...Bradford KilshawFIN 3717Shan He Warren E. Buffett, 2005 On May 24, 2005, CEO of Berkshire Hathaway Inc., Warren Buffet, stated that one of the company's subsidiaries, MidAmerican Energy Holdings Company, acquired the electric utility PacifiCorp. MidAmerican bought PacifiCorp from its parent company, Scottish Power plc, for $5.1 billion cash and $4.3 billion in preferred stock and liabilities. This acquisition was the second largest of Buffet's career and his largest since 1998. Warren Buffet has long been viewed as one of the most savvy investors in the world. With an estimated net worth of $44 billion, he is one of the richest men walking the planet. Public interest in Buffet rose highly again with the large scale purchase of PacifiCorp. While at Columbia University, Warren Buffet studied under Benjamin Graham, noted for developing a method for identifying undervalued stocks. His method focussed on the value of assets like cash, net working capital and physical assets, and ultimately, Buffet modified it to focus on valuable franchises going unrecognized in the market as well. Buffet's investing strategy includes several different philosophies. Some approaches he uses include: economic reality, the cost of lost opportunity, value creation, risk and discount rates, diversification, investing behavior driven by information, analysis, and self-discipline, setting emotion aside, alignment of agents and owners, and measuring performance based on intrinsic value instead of......

Words: 592 - Pages: 3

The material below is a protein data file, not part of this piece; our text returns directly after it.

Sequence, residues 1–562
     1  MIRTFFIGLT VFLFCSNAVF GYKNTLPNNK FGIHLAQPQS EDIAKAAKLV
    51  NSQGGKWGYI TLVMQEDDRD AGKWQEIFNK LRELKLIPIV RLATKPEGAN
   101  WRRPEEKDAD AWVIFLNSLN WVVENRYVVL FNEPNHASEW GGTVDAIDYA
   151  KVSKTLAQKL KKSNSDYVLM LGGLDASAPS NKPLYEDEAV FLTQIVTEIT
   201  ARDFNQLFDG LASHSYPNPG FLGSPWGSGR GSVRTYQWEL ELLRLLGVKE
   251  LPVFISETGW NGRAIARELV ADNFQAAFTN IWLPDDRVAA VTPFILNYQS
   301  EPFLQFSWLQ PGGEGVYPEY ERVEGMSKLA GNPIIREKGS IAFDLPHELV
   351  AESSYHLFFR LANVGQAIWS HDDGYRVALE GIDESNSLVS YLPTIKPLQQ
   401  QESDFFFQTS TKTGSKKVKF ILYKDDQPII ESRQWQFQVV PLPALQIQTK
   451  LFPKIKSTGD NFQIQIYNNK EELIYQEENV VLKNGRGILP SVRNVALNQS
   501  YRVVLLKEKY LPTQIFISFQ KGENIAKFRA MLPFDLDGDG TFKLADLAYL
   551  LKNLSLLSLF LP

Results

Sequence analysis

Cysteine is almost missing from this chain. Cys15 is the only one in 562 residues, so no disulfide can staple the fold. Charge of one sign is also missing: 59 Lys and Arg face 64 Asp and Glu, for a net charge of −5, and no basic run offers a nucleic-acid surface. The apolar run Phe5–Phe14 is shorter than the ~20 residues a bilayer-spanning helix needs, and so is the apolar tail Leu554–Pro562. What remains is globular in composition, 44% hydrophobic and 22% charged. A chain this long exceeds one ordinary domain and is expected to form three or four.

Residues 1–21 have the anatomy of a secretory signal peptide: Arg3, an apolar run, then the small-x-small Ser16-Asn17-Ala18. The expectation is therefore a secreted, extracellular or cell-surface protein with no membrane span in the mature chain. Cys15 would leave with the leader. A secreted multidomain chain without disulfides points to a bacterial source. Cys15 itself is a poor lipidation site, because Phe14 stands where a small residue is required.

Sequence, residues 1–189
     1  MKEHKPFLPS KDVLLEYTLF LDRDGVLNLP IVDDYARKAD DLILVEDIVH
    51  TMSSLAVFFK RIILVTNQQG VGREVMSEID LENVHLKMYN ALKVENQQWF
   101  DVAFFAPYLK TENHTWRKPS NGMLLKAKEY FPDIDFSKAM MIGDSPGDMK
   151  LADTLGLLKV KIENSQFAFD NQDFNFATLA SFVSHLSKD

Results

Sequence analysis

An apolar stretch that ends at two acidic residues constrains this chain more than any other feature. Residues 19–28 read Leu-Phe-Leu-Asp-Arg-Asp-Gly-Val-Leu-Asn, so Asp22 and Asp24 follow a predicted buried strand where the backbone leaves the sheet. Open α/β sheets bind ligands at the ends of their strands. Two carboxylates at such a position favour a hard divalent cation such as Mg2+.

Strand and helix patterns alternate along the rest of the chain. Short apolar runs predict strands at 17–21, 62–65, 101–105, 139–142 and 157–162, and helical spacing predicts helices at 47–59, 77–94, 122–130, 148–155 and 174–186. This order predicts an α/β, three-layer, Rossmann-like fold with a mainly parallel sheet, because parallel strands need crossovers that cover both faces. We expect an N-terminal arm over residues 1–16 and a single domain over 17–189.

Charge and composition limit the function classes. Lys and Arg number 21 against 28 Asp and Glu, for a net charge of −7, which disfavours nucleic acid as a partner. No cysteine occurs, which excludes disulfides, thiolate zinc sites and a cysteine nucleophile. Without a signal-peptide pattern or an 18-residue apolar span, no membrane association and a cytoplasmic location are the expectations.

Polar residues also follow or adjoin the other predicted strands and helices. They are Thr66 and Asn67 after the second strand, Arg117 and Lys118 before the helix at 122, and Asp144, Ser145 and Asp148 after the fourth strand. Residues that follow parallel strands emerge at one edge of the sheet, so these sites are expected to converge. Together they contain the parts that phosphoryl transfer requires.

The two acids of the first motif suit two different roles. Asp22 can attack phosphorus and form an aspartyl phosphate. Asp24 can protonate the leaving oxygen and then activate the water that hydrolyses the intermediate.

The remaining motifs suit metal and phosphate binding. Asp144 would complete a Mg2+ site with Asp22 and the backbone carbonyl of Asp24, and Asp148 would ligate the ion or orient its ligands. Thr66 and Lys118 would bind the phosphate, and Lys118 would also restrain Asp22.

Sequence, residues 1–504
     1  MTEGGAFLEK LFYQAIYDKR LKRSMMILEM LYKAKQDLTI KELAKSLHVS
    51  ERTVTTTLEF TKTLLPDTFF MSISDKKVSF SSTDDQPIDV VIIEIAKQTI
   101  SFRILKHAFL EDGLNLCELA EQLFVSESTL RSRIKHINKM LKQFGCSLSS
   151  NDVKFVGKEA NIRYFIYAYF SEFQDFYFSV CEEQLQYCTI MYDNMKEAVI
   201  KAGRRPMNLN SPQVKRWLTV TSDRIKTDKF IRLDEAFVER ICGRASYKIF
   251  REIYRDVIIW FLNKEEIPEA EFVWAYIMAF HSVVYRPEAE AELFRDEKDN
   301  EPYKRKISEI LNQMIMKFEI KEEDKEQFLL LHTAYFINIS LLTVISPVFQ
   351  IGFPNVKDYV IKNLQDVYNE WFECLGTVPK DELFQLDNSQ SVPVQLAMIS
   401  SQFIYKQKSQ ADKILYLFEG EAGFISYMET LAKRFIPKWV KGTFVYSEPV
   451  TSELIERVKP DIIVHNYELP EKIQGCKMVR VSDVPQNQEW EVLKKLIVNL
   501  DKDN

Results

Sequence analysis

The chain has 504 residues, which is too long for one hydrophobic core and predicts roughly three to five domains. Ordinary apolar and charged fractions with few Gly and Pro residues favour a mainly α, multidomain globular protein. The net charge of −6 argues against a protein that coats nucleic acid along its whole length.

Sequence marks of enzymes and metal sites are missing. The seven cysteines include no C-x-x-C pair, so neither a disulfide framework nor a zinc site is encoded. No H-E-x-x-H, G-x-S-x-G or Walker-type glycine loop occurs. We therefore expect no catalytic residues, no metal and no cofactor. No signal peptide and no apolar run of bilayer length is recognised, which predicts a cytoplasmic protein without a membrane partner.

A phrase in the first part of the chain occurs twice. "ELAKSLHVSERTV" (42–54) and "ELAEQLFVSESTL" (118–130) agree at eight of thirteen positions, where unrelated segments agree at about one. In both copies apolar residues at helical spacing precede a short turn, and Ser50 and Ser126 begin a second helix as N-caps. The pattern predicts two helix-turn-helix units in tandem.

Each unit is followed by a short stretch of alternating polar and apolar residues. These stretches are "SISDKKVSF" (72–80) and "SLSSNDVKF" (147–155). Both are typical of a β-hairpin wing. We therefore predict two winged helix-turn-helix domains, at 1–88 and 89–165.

Berkshire Post Case

...1. What is the possible meaning of the changes in stock price for Berkshire Hathaway and Scottish Power on the day of the acquisition announcement: Specifically, what does the $2.55 billion gin in Berkshire market value of equity imply about the intrinsic value of PacifiCorp? The possible meaning of the change of the stock is that the facts that are created in the deal had a positive effect on both the buyers ( BRK) and the sellers which are the mother company of Pacific( Scottish power), To find the 2.55 Billion gain of BRK on the market value equity that the intrinsic value of Pacific was good because it was within the range demonstrated in the calculations I have done:- $2.55 billion / 312.8 million = $8.17 (Berkshire is willing to pay this premium for each share of PacifiCorp) 5.1 billion / 312.18 million = $16.30 per share of PacifiCorp $8.17 + 16.30 = $24.47 (all information taken from chart 9) 2. Based upon the multiples for comparable regulated utilities, what is the range of possible values for PacifiCorp? What questions might you have about this range? We find the range of possible values for PacifiCorp in chart 10:- A. Revenue median of $6.252 Billion, mean of $6.584 Billion. B. EBIT median of $8.775 Billion, mean of $9.289 Billion. C- EBITDA median of $9.023 Billion, mean of $9.076 Billion. D- Net Income median of $7.596 Billion, mean of $7.553 Billion. E- EPS median of $4.277 Billion, and a mean of $4.308 Billion. F- Book value......

Words: 748 - Pages: 3

Examining Berkshire Hathaways Purchase of Geico